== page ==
Born on the 29th March 1866 at High Street, Gillingham. George's mother gave her name as Mary Ann Knott formerly Bowles on the birth registration, with no indication that her surname was Welch. The certificate gives George's father's occupation as a brick labourer. George was still at home in Frindsbury at the age of 25 for the 1891 census, but by 1901 he had moved to Greenwich in south London where he was working as a labourer in a chemical factory. He was boarding in the household of Thomas Pattenden, a gasworks labourer. In 1911 he was a print worker living in Whalley near Clitheroe in Lancashire, boarding in the household of Thomas Harris, a gardener. He was still unmarried, and it seems likely that he never married. George stayed in Lancashire, living at Marlborough Street, Clitheroe. In early 1836 George was taken into Coplow View, the former Clitheroe workhouse which had become a public assistance hospital, and he died there of a stroke on 24th March 1936, a few days before his 70th birthday. On the death certificate, his occupation was given as general labourer.

Joseph Knott
Born Upchurch 1868. Joseph was a professional soldier. Like his brother Frederick, he was with the Royal Artillery. He disappeared for the 1891 census, but re-emerged in 1901 at Portsmouth. He was 33 years old, and was living at the Royal Artillery Clarence Barracks as a Sargeant instructing infantry Royal Artillery. With him were his wife Mary Ann Langford, who he married in Maidstone in the first quarter of 1896, and two children, four year old Joseph Alexander and one year old Vera Lillian Mary. Joseph gives us a clue to the whereabouts of the family in 1891, because he was born in Newbridge, County Kildare in Ireland. Unfortunately, the 1891 census for Ireland was destroyed by fire. There were no more children. Five years later, in the first quarter of 1906, Joseph died in Portsmouth at the age of 38. In 1911, his widow and two children were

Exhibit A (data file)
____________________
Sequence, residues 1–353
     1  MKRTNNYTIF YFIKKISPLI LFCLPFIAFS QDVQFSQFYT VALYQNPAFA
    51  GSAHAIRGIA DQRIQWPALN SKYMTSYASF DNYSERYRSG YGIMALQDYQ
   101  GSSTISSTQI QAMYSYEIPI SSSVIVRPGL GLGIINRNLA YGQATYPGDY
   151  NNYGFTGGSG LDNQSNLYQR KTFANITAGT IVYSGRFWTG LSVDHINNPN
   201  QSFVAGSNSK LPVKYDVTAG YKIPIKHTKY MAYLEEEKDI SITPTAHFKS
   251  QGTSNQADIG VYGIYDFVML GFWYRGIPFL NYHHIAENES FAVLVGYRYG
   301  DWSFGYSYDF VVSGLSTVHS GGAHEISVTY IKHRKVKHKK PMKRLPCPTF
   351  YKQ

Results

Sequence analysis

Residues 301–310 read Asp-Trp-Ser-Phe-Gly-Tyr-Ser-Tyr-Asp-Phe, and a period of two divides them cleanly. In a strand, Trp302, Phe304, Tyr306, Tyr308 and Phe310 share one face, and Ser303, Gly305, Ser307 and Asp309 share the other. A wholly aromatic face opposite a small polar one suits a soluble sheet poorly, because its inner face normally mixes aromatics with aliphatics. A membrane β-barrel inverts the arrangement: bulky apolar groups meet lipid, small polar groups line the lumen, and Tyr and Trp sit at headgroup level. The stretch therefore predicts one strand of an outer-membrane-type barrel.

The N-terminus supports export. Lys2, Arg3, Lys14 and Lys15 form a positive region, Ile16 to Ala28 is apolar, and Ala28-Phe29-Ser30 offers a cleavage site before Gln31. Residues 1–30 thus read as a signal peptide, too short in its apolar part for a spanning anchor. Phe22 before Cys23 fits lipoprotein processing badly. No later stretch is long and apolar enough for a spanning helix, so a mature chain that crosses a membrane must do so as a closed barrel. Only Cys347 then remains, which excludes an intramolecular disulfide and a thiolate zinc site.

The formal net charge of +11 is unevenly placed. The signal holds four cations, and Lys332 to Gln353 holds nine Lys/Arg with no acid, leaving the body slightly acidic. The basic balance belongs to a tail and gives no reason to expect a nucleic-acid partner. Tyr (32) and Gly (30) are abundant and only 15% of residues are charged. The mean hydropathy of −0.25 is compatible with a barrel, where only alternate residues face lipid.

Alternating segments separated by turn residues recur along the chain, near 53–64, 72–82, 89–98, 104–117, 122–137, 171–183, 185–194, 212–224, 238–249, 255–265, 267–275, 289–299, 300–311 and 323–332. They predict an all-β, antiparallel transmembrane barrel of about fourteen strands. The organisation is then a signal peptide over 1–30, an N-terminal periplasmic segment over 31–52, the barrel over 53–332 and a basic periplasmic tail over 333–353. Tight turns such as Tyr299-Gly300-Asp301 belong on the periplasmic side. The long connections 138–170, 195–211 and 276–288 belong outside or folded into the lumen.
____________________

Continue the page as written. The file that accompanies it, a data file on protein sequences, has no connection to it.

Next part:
still living in Portsmouth at 120 St Augustine's Road Southsea.

William George Knott
Born on the 3rd December 1869 at Upchurch. My great-grandfather. See below.

Frederick Knott
Born Upchurch 1872. Frederick was the first of the children to be born after the marriage of his parents, and he is the only one of the three Knott boys born in Upchurch to have been baptised at Upchurch parish church. Frederick Knott was a professional soldier, and his service record has survived. He signed up to the Royal Artillery on March 15th 1895 at Dover Castle in Kent. He was 22 years and 10 months old. His height was measured as 5 feet 6 and 3/4 inches. He weighed 133 lbs. His chest measurement was 33 inches, increasing to 35 inches when fully expanded. His complexion was fair, his eyes blue-grey, his hair light brown and his religion C of E. He had a small scar on his right hand, and a tattoo on his left fore arm. His next of kin was his father, George Knott, of 58 Grange Road, Strood, Kent.

Frederick was in service for more than 22 years, almost entirely in India. He began his military career as a gunner, soon rising to Corporal. But in 1904, for reasons unexplained, he underwent a trial and was demoted to gunner. He fought in the North West Frontier expedition to the Punjab in the 1890s, and then spent much of the next twenty years garrisoned in India. He appears on the 1911 census at the Royal Field Artillery barracks in Barrackpore in Calcutta. In 1915 he formed part of the Eastern Mediterranean Expeditionary Force to Mesopotamia, the modern Iraq. His medal record shows that he arrived in Mesopotamia on the 29th August 1915. He was discharged as physically unfit on the 26th April 1917. He was 45 years old. He survived the First World War. At the time of the 1925 Kelly's Directory of Rochester, Chatham, Gillingham, etc, there is a Frederick Knott living at 3 Eastgate Terrace, Rochester. It may well be him.

Albert Knott
Born Halstow 1874. Albert was baptised at St Margaret's church, Lower Halstow on 29th March. His father's occupation was shown as a labourer. Albert's death was recorded in the 2nd quarter of 1875, although his burial is not in the Lower Halstow parish registers.

Caroline Jane Knott
Born Halstow 1876. The first daughter, and named Caroline after both George's and Mary Ann's mothers. She was baptised at St Margaret's church, Lower Halstow on 16th July. Her father's occupation was shown as a brick maker. Caroline died in October 1884. The family were living at Brompton Lane, Strood, and she was buried on 23rd October in plot G30 of Strood cemetery. She was 8 years old.

There is then a gap of eight years until

Lilla Marian Knott
Born Strood, 1884. She was